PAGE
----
Re: terminological problem (EBNF & regular expressions)

RLake@oxfam.org.uk
26 Oct 2005 14:42:55 -0400

          From comp.compilers

Related articles
[2 earlier articles]
Re: terminological problem (EBNF & regular expressions) paul@parsetec.com (Paul Mann) (2005-10-17)
Re: terminological problem (EBNF & regular expressions) paul@parsetec.com (Paul Mann) (2005-10-19)
Re: terminological problem (EBNF & regular expressions) Meyer-Eltz@t-online.de (Detlef Meyer-Eltz) (2005-10-19)
Re: terminological problem (EBNF & regular expressions) paul@parsetec.com (Paul Mann) (2005-10-20)
Re: terminological problem (EBNF & regular expressions) Meyer-Eltz@t-online.de (Detlef Meyer-Eltz) (2005-10-23)
Re: terminological problem (EBNF & regular expressions) paul@parsetec.com (Paul Mann) (2005-10-26)
Re: terminological problem (EBNF & regular expressions) RLake@oxfam.org.uk (2005-10-26)
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From: RLake@oxfam.org.uk
Newsgroups: comp.compilers
Date: 26 Oct 2005 14:42:55 -0400
Organization: Compilers Central
References: 05-10-104 05-10-125 05-10-137 05-10-147
Keywords: parse

>>> LRgen allows one to do it like this: [X|Y|Z]/','...
>> It seems like one would have to say


>> ((X|Y|Z)(,(X|Y|Z))*)?


>> to accomplish the same thing.


Ah, yes... I've also seen that operator written as // and \\. I think it's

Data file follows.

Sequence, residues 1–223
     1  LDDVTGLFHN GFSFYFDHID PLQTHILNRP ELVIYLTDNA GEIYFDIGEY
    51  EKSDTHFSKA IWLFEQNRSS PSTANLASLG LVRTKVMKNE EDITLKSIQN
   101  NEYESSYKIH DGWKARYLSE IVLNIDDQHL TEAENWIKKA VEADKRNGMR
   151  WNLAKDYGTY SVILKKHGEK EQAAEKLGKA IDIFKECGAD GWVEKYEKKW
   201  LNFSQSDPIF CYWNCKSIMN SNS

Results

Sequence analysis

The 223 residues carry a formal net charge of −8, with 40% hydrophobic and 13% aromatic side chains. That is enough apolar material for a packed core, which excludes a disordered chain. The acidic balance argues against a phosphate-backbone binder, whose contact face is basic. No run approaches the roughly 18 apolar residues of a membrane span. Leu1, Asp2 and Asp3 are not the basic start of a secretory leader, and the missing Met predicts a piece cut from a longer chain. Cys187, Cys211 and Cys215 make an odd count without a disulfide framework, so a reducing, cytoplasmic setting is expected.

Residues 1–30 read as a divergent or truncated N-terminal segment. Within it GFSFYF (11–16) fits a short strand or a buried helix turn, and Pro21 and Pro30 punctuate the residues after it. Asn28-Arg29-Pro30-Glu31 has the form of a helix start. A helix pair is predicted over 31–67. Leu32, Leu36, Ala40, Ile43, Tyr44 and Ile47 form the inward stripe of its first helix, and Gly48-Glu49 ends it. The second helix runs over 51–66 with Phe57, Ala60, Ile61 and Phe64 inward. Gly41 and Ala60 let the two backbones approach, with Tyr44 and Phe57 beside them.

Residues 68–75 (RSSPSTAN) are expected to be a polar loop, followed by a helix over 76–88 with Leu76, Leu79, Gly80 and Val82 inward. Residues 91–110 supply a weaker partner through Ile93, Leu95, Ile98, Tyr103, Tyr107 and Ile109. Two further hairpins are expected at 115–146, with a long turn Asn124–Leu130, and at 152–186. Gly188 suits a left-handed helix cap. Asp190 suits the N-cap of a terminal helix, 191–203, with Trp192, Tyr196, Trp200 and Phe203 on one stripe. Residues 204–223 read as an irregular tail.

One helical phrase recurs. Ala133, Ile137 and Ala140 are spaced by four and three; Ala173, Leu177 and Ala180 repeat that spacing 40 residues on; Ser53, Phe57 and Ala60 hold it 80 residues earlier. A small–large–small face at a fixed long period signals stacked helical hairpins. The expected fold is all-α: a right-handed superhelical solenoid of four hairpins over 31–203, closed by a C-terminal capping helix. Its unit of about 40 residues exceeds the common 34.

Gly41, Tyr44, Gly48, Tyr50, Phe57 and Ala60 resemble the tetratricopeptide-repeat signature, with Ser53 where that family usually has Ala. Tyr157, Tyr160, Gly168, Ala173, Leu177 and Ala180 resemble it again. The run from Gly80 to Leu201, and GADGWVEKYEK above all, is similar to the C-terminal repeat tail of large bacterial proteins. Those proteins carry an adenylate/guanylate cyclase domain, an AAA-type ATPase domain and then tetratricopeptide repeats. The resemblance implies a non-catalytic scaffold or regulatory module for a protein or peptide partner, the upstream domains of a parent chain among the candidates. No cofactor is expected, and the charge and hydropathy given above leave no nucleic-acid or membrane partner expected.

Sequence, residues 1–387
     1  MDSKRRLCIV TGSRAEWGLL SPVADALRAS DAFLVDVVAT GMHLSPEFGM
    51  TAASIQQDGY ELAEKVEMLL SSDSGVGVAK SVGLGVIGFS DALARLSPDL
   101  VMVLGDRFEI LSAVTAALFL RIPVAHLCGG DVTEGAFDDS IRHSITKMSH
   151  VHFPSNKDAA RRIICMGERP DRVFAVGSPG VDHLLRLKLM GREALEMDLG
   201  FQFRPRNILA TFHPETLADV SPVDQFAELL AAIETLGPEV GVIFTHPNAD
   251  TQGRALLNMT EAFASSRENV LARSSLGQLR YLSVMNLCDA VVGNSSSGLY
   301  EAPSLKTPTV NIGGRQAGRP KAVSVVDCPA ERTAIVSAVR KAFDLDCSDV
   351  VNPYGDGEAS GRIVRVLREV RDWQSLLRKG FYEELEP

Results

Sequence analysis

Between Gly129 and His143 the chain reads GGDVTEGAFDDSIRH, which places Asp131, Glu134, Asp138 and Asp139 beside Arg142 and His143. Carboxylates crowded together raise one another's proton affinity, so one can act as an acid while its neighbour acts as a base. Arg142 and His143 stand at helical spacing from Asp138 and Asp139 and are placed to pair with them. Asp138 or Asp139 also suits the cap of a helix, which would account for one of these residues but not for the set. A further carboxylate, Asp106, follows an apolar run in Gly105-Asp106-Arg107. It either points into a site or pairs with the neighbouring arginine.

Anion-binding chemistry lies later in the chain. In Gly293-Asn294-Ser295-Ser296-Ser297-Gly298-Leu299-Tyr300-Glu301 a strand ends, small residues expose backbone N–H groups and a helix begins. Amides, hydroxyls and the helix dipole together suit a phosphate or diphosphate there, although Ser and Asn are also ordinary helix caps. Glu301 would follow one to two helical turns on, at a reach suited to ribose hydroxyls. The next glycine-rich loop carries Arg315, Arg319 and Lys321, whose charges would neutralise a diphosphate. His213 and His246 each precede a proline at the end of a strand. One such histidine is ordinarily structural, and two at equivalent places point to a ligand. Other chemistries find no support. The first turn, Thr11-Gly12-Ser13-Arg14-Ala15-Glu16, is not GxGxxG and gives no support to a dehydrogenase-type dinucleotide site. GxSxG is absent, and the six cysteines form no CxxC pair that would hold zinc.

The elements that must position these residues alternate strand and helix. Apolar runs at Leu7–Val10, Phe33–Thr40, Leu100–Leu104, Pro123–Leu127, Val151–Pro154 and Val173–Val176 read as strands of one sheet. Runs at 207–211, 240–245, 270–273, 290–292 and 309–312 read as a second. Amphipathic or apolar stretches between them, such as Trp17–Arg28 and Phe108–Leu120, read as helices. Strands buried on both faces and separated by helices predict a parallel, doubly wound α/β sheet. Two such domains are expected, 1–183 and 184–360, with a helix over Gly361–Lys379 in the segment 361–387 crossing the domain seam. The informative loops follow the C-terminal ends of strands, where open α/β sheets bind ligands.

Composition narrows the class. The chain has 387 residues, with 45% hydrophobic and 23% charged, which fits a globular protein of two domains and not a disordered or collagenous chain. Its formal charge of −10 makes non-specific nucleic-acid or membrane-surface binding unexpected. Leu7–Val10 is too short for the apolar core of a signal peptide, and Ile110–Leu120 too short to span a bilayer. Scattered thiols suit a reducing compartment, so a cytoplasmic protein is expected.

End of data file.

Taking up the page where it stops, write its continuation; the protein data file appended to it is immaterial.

called "interpolate" but I don't know where I remember that from. In
effect, it is the inverse to the Haskell "intersperse" (often called "join"
in scripting languages).


It's interesting that if you have an epsilon (empty) constant, you can
reduce Kleene regular expressions to three binary operators:


concatenate
alternate
interpolate


because, using traditional regex notation and // for interpolate:


a? ==> a | epsilon
a* ==> epsilon // a
a+ ==> a // epsilon


I don't know that users like the parsimony of expression, but it is
convenient for implementation in languages which allow operator overriding
but don't like *, ? and + as postfix operators.


I'm a little surprised that it isn't in more common use. There are few uses
in lexers, but it comes up all the time in grammars, not just for
expression lists and parameter lists. For example, the Lua if statement:


    if-statement ::= "if"
                                                ( expression "then" block // "elseif" )
                                                ( "else" expression | epsilon )
                                      "end"


which leads to a possible formulation for C / Java if statements:


    if-statement ::= "if" ( "(" expression ")" statement' // "else" "if" )
                                                ( "else" statement' | epsilon )


(where statement' is all statements other than if-statements)


Also, for many purposes, this is sufficiently detailed:


    expression ::= term // binary-operator


But it can be parameterized (if this rule is part of the grammar standard
library, the
user only need define the binary-operator[p] classes, and at some point
decide about
their associativity):


    expression[p] ::= expression[p+1] // binary-operator[p]


(I think I got that from Lex Augusteijn's Front system, but I can't be sure
any more.)


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